Thoughts in the Aftermath of Horror

Bad Astronomy
The entire universe in blog form
April 16 2013 8:00 AM

Digging Out

As I write this, in my home in Boulder, Colorado, the snow outside my window is gently falling. The day has been particularly quiet; the snow has kept noises subdued. It’s over 30 centimeters deep in some places, with more coming tonight and over the next few days. I’ve already had to shovel my driveway twice. I expect I’ll be doing it many more times in the coming week.

Phil Plait Phil Plait

Phil Plait writes Slate’s Bad Astronomy blog and is an astronomer, public speaker, science evangelizer, and author of Death From the Skies!  

Meanwhile, across the country, we’re still looking for answers in the aftermath of two explosions that rocked an event where people had gathered to cheer each other on. The explosions weren’t particularly powerful, but they were powerful enough.

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I don’t have any more insight on this than anyone else. No one knows why this happened, or how it is that circumstances could even lead to such a thing—at least, no one knows yet.

Still, some facts did emerge as time went on; not about the lead-up to the event, but about the aftermath. Along with the terrible injuries and deaths, there was some more heartening news. People were seen rushing toward the explosions, not away; heading into danger to help. People in Boston were on Twitter offering assistance: a place to stay, a place to warm up, a place to get food and water. Others donated blood, until the Red Cross had to tweet and say they had enough (but please, wait a few days and then donate, since the current supply will run low soon).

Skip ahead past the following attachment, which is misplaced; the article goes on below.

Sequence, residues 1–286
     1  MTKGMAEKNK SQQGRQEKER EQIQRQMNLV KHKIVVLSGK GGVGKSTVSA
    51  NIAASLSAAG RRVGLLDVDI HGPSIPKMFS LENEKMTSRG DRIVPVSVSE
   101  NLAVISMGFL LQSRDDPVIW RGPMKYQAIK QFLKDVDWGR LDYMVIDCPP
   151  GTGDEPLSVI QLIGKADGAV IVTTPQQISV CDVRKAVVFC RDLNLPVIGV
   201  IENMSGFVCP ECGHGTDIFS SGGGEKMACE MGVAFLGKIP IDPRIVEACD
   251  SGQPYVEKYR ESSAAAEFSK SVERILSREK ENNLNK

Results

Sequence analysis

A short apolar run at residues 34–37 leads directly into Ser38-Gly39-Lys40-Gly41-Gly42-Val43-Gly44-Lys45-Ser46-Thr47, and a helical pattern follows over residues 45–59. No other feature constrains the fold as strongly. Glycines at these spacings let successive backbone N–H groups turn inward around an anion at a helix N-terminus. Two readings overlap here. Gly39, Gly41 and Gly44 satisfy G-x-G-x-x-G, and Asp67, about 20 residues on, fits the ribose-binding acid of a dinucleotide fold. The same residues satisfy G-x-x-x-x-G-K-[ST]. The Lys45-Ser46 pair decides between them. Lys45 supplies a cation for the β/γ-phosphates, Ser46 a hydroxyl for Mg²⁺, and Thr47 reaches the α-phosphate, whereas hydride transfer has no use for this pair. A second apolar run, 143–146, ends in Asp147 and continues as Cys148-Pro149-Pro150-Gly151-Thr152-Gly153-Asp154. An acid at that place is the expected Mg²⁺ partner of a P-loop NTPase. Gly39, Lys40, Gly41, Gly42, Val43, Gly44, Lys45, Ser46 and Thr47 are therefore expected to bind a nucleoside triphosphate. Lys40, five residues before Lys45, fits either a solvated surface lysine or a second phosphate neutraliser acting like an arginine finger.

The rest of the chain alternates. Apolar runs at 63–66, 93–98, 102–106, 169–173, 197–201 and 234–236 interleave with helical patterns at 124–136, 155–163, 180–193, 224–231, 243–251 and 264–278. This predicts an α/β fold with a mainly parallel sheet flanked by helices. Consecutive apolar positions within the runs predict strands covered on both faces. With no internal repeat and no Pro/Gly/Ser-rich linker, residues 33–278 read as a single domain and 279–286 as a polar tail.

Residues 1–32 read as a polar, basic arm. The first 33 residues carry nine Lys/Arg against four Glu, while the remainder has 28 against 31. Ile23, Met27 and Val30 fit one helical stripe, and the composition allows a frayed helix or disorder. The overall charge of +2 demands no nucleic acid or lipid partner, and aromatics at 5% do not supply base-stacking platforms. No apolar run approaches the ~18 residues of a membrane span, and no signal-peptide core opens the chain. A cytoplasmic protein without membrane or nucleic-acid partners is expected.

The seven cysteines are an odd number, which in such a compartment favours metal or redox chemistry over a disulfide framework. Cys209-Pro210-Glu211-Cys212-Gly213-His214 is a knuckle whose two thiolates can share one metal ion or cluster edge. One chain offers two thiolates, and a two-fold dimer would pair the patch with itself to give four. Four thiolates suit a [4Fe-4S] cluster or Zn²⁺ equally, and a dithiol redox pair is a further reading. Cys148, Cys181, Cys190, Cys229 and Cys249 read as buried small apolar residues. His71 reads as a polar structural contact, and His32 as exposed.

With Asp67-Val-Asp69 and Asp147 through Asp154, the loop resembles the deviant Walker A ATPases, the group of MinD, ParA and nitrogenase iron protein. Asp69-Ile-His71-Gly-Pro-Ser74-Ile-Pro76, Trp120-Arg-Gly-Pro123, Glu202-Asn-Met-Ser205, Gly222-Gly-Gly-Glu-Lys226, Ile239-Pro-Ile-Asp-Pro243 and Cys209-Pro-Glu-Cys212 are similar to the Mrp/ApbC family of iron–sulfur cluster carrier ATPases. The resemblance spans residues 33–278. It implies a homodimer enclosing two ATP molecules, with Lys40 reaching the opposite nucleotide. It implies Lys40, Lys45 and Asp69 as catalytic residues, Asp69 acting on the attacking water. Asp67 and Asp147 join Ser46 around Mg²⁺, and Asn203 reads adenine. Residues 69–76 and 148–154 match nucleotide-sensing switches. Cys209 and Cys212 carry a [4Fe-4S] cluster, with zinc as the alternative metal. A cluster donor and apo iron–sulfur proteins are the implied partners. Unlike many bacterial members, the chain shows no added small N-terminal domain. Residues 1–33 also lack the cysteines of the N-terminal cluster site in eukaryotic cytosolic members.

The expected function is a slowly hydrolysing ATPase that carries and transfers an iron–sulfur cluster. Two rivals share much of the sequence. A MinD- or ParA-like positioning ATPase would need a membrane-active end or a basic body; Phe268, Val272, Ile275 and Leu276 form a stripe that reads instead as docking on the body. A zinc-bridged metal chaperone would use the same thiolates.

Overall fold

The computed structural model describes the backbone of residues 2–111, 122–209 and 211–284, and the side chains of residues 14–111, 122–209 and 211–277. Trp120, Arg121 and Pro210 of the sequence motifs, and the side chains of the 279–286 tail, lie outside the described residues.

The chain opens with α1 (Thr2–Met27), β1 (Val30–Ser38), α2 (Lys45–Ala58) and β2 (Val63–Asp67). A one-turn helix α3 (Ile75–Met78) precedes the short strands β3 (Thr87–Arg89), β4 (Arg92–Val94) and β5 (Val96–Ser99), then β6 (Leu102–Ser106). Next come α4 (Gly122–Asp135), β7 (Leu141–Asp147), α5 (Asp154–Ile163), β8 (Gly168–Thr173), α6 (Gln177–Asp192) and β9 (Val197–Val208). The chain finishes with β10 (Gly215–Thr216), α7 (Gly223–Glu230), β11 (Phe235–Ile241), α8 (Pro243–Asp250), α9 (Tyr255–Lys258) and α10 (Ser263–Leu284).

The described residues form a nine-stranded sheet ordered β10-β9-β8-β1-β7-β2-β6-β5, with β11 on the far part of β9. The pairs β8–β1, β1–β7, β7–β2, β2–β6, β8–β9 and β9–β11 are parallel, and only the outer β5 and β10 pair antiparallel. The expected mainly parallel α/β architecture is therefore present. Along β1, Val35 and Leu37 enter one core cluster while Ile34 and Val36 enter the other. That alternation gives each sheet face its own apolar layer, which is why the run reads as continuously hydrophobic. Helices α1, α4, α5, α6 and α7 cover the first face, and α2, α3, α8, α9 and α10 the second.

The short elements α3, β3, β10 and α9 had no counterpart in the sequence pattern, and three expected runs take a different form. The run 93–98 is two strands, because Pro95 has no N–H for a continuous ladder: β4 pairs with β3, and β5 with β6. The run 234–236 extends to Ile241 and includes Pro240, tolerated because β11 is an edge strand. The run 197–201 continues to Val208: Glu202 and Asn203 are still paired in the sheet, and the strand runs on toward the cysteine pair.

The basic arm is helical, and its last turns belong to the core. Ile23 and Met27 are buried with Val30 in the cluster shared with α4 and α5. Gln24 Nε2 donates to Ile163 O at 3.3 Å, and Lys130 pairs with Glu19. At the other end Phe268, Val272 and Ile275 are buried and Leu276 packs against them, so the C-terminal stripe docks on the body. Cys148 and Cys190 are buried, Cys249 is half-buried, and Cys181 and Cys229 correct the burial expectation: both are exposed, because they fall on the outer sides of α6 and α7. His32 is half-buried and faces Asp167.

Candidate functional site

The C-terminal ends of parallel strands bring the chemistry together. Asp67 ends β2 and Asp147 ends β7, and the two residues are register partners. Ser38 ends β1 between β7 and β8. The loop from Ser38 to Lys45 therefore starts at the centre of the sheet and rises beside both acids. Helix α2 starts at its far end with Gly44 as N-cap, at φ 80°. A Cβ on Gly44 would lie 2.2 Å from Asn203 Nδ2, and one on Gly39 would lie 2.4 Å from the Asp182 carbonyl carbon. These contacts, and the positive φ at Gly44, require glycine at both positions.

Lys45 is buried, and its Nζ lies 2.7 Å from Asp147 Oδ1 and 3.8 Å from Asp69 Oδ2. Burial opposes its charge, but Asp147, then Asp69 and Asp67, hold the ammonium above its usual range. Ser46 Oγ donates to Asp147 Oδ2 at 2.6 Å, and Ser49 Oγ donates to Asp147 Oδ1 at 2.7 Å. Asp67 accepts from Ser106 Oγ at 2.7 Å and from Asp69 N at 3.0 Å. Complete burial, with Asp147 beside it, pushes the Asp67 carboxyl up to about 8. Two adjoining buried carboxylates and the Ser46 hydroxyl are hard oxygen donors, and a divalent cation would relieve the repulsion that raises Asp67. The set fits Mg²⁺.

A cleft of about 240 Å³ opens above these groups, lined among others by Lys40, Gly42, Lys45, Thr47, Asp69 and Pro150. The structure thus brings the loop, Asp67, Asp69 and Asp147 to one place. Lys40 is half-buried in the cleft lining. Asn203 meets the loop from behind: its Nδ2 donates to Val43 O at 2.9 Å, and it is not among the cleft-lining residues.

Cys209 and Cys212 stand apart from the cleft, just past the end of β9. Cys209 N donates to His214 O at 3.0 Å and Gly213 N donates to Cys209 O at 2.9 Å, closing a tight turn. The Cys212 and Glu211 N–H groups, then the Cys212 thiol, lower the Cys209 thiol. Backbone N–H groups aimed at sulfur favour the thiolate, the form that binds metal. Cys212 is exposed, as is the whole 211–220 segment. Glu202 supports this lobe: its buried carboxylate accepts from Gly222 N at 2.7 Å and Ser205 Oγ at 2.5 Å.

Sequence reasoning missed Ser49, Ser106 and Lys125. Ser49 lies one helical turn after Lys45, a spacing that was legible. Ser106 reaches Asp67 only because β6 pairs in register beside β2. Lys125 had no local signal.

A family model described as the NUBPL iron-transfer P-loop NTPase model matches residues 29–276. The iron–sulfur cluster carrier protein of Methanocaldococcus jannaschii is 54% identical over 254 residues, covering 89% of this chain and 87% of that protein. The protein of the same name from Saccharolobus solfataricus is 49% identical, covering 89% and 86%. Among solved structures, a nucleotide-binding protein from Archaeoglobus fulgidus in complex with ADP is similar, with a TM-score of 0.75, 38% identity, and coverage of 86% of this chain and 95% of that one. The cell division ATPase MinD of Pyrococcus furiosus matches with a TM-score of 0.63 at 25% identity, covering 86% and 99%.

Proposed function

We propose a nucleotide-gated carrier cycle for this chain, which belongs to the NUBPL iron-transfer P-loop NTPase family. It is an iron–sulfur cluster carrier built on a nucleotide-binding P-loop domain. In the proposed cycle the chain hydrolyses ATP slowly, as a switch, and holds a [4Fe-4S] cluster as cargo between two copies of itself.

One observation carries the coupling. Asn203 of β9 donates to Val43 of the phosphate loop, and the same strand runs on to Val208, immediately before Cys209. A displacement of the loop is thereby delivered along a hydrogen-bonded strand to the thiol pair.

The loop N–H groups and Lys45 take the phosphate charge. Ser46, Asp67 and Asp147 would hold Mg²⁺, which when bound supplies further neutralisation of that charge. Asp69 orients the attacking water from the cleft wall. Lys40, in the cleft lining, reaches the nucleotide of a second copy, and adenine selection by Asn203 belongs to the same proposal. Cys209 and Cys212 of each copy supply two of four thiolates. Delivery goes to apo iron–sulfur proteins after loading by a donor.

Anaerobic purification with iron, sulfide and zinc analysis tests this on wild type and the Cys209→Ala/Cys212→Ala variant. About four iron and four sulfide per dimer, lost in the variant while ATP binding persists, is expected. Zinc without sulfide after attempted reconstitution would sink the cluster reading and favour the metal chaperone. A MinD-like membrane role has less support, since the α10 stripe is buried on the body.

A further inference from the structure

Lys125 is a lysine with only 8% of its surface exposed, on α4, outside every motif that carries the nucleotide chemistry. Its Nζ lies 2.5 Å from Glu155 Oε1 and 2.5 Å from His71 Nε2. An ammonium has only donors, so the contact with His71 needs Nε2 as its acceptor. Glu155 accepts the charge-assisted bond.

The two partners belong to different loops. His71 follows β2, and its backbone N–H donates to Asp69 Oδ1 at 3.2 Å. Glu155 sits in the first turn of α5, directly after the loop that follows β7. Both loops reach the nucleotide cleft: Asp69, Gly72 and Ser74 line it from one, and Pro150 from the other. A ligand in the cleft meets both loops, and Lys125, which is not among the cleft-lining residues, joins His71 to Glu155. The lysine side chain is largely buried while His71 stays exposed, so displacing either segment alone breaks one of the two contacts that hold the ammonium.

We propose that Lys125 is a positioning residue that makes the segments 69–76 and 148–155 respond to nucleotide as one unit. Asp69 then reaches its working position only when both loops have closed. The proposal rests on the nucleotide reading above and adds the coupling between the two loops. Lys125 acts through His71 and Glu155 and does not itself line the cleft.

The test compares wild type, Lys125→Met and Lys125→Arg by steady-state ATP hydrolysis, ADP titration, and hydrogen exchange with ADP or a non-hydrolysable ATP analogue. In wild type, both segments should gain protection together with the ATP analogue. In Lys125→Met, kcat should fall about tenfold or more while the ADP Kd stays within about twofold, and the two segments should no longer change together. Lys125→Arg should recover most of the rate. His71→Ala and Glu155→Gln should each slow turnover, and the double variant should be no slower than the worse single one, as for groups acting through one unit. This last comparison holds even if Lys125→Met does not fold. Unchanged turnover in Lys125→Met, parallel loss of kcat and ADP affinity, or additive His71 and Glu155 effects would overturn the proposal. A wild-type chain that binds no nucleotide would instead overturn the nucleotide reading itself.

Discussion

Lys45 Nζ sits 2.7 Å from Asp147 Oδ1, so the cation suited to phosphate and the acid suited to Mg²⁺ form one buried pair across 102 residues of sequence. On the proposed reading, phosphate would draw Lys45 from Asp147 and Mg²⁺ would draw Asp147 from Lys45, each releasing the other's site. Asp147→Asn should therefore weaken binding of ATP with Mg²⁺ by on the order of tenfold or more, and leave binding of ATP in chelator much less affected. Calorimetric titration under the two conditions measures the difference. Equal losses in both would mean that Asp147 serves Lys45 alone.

During that mix of news my attention was drawn to a series of people on Twitter saying, “Meanwhile in Iraq, 50 killed and 300 injured in bomb attacks today,” with a link to a news story about it. Certainly that is a bigger event in terms of sheer magnitude, and what’s been happening there has been going on for years, making the enormity of it difficult to grasp. And while it can be hard to know the exact intent of the people tweeting that, it does seem like they were trying to put the Boston story into a global perspective, a sly if snide dig at American isolationism and narcissism.

Fair enough. But that’s not the only way to see it. To me, that also shows that ideologically driven human-made horror is, simply, everywhere. We cringe at bigger numbers, at bigger events, but perhaps, in the end, all horror is local. Something nearby will seem bigger because it literally hits home. Comparing it with ongoing, larger horror does nothing to lessen the impact.

And it doesn’t change the fact that while it probably only took a few people to cause the damage in Boston, a far, far larger number rushed in after to help.

I was thinking about all this as I watched the snow fall past my window. It occurred to me, somewhat randomly and spontaneously, that this snowstorm must be huge. It’s been snowing all day, and will continue for several more. I found the GOES satellite view of the United States, and the system truly is enormous, a thousand kilometers across, and still being fed by Pacific moisture. The amount of water in the air above the western states must be measured in the billions of tons, hundreds of billions.

That fact made me reel. It’s a huge number, impossible to grasp. I continued looking out my window, thinking of the comparatively small amount of snow settling onto my yard, belying the immensity of the cloud above.

Either way, that snow is here, and more is coming. All of us are still going to have to shovel ourselves out from underneath it.

Satellite map of the midwest snowstorm
GOES infrared map of the snowstorm over the midwest, taken at 01:00 UTC on Apr. 15, 2013.

Image credit: NOAA

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